Box calls their new Prime 9 Tech a counter-intuitive approach, but when we think back… fewer gears meant lighter weights, less wear & less finicky shifting. So why was it that we keep embracing more gears in our cassettes these days?
Box Prime 9 speed MTB drivetrains – Nine is fine!
Sure, the reasons we have adopted 10, 11 & 12 (OK, even 13 a bit) drivetrains have not disappeared overnight – smaller steps in between gears for smother shifts, more optimal cadence due to those smaller steps, plus the ability to offer unprecedented cassette gearing spreads that allowed the adoption of many single chainring 1x setups. But mountain bike drivetrain disruptor Box thinks the simplicity, durability & performance of their new 9-speed groupsets outranks those small improvements, and in many cases still matches them.
Prime 9 conceptual details
Simple. Dial 12 cog back to 9 and you get a more simple setup. And yuo will shift less. Box still offers 11-50 cassettes in 9-speed (close to the SRAM 10-50 benchmark.) And with 25% fewer cogs in that cassette, obviously you are going to save weight.
Durable. Box’s Prime 9 still uses the modern standard 11-speed Shimano HG freehub, but has more tightly spaced cogs in the back. As chains got narrower the inner chain width decreased which actually increased chain strength, but the side plates got thinner too, making for a wash in overall chain durability. Instead, Box 9 keeps the latest 11/12-speed internal chain spacing (that means it works with any modern narrow/wide 11 or 12-speed chainring), but gets thicker plates for an overall 9-speed chain width. That’s strength improvement on both aspects, making a more durable chain. Plus, the narrower overall cassette width delivers straighter chain line for quieter running, longer drivetrain life span & faster shifts. Fewer gears (with the same spread) also means less shifting, so shifting components will last longer.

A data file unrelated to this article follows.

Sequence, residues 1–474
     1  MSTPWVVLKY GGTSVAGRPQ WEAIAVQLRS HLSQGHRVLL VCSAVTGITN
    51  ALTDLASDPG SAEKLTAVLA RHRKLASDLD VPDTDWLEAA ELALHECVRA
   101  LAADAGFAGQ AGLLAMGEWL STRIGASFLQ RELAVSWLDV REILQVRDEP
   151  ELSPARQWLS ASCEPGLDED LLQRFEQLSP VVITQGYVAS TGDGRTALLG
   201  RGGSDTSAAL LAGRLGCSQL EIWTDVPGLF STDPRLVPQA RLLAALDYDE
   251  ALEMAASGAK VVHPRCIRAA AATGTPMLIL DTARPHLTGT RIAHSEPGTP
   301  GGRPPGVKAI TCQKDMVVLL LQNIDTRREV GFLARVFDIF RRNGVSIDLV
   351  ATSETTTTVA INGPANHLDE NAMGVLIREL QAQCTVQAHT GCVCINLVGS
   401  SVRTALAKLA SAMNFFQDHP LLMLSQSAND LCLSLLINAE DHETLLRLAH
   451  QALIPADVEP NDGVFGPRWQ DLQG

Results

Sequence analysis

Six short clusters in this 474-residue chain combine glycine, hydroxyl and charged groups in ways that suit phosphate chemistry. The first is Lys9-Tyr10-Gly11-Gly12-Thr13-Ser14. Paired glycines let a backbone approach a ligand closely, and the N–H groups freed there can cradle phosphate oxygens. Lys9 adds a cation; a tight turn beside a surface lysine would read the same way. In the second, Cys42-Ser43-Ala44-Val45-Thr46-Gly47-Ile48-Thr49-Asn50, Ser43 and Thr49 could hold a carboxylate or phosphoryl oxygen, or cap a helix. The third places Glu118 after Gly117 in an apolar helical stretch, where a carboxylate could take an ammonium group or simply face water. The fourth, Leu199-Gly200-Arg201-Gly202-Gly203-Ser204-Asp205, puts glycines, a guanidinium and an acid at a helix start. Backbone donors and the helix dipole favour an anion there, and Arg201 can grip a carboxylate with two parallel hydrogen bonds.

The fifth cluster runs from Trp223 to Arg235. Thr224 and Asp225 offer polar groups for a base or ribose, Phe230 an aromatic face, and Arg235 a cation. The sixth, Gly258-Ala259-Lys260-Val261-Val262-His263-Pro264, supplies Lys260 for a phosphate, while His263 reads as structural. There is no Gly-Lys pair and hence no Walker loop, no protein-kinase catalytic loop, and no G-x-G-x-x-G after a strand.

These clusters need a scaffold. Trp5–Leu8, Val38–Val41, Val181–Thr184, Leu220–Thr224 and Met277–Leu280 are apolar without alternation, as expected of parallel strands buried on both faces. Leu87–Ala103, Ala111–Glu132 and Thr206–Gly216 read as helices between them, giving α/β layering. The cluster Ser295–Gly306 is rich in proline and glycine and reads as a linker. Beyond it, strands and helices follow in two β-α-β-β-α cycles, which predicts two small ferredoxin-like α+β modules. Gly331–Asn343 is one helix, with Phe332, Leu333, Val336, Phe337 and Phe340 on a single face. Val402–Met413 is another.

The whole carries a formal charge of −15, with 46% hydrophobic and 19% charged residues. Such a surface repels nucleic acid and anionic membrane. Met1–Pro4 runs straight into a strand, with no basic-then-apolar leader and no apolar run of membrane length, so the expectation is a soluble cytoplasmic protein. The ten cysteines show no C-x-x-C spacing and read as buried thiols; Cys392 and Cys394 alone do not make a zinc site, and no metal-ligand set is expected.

Compatibility. Box 9 all-steel cassettes fit on the same Shimano 9/10/11 freehub, so nothing proprietary or hard to get ahold of (no XD, XD-R, or even MicroSpline). That means every wheel out there will work, but also that those steel cogs will last longer than alloy.All work with standard HG freehub bodies, but also are more tolerant to a mm or two outside of spec.
Prime 9 technical details
Box’s Prime 9 drivetrain is available in 3 spec levels – box one (orange), box two (red) & box three (blue). Interestingly, the 2020 Box line also includes a 8-speed box four (yellow) drivetrain too. Each gets a 11-50 tooth spread in its cassette (the same as SRAM NX Eagle 1×12). They also all include a modern clutch to eliminate chain drops.
Each Box Prime 9 group includes a two button 9-speed trigger shifter (bigger internal gears, fewer shifts, less wear & longer life); a new 9-speed rear derailleur with a clutch, less cage movement, more reliable chainline & lower wear & tear; a lighter wide range 9-speed cassette that fits on a regular Shimano hub, then the unique 9-speed chain.
What’s the catch?
In reality, it looks like Box 9 is the near the top in all aspects. Sure, gearing steps are bigger than normal, but special shift pins mean smooth shifts when needed. And Box contends that mountains bikers don’t need such small cadence jumps, instead preferring consistent steps, as well as broad top & bottom gearing options. And while the cassette loses weight, the stronger 9-speed chain is heavier than a 12-speed chain.
To us that sounds like worth concessions, and for sure something worth giving a try. Plus, Box is typically a more-affordable alternative – from top-spec Box One down to entry performance spec Box Three.
Pricing & availability
Prime 9 groupsets and individual components are available for pre-order now direct from Box, with availability projected by the end of the year – December 2019. A complete Box One Prime 9 groupset with its light & carbon goodness will set you back $627. The alloy Box 2 is just $270, and a much easier sale to commit to. Then at $195 including shifter, derailleur, cassette & chain, Box Three is the lowest cost of entry. Take it one stop lower to Box 4 and it is just $155, but with a smaller gearing range.
Maybe it’s time to upgrade your mountain bike drivetrain by dropping some gears….